The average age of an aircraft in the Air Force’s inventory is now about 25 years, Gen. Donald Hoffman, Air Force Materiel Command boss, said Thursday. But just looking at that number actually understates the problem of old aircraft, Hoffman said in his address at AFA’s Air Warfare Symposium and Technology Exposition in Orlando, Fla. The fleet is “going to continue to grow older no matter how many Predators and Reapers and trainers we build,” he said. As a result of the fleet’s growing age, legacy airframes are entering depot “with more and more problems,” many of which haven’t been encountered before because aircraft haven’t been kept in service this long, noted Hoffman. Spare parts are particularly tough. “We get a lot of no-bids” on contracts because companies don’t make the spares anymore, or the cost of engineering a new old part is prohibitive, or the production run is too small to be worth it, he said. All this is driving sustainment costs higher.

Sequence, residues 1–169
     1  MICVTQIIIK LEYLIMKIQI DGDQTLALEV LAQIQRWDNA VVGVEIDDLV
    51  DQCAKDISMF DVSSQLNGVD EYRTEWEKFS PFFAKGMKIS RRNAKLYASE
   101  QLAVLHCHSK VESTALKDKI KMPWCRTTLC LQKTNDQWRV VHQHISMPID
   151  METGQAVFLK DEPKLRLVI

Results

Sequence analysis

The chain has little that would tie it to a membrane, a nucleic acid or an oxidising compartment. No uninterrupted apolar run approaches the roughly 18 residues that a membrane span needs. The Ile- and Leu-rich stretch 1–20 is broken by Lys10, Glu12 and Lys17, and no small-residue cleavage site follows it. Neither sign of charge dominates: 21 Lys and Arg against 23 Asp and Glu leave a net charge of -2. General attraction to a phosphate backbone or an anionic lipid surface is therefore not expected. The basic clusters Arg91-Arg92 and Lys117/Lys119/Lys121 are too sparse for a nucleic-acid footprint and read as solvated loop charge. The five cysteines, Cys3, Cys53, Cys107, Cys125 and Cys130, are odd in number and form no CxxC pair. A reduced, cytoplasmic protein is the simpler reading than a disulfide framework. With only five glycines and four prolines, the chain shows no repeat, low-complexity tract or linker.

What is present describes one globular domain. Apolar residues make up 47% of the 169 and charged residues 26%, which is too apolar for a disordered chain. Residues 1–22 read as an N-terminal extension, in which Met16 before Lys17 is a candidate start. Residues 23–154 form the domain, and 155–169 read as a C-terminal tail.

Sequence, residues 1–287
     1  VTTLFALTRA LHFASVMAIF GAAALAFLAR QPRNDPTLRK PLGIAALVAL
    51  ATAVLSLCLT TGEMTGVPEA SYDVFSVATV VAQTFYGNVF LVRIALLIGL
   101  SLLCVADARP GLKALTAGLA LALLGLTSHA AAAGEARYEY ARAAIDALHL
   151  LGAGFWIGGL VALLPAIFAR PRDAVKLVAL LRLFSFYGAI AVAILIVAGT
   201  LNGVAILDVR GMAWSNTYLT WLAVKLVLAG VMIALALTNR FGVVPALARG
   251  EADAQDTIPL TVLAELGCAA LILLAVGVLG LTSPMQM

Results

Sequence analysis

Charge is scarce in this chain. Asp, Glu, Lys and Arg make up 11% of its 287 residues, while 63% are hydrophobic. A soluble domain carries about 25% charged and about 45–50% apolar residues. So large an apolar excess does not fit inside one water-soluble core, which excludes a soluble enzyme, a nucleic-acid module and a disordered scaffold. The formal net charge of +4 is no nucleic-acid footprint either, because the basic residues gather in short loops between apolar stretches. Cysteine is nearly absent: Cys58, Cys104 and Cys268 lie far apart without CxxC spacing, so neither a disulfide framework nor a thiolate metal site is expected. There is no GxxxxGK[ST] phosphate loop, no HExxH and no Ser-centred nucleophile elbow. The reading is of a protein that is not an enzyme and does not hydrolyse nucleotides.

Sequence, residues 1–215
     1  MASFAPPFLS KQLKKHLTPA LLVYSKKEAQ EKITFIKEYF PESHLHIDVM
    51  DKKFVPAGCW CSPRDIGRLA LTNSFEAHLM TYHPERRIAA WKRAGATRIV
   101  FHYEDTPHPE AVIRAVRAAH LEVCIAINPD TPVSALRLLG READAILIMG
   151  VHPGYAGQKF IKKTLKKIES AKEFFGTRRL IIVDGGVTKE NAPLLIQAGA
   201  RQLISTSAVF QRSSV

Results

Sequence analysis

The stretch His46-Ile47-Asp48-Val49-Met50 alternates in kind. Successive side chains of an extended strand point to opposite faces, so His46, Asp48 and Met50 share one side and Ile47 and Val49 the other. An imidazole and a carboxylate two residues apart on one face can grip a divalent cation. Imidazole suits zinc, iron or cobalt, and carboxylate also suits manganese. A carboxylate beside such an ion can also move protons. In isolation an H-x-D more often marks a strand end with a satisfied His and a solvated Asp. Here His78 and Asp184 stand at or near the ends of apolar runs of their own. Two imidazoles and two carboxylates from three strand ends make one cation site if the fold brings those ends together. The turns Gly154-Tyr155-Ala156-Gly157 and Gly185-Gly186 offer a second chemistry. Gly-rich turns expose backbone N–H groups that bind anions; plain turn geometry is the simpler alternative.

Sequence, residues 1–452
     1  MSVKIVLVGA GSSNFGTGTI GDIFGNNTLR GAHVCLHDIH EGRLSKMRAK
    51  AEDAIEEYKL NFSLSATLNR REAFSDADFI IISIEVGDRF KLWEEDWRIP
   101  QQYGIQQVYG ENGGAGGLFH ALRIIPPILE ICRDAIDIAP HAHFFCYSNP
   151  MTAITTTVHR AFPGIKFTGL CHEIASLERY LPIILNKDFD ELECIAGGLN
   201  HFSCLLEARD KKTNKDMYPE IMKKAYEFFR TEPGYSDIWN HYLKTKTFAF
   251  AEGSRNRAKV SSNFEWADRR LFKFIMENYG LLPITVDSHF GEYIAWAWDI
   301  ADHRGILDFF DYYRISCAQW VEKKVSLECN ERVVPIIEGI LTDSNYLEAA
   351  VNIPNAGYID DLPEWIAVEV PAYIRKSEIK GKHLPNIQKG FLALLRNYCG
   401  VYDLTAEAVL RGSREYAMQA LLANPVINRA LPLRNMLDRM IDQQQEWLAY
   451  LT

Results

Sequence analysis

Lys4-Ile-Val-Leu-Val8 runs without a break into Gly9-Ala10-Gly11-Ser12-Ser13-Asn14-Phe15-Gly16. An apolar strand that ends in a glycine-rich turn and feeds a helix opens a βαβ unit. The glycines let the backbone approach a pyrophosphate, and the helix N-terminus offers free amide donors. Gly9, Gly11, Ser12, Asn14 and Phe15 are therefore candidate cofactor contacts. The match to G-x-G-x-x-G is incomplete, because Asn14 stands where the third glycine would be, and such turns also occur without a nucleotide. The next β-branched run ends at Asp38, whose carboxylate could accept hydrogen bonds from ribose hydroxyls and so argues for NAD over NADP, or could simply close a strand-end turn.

The Air Force will begin its 71st annual Operation Christmas Drop on Dec. 4. The weeklong exercise is a yearly tradition that delivers supplies such as food, fishing equipment, school books, and clothes to remote islands in the Pacific. It is the longest-running Department of Defense humanitarian mission.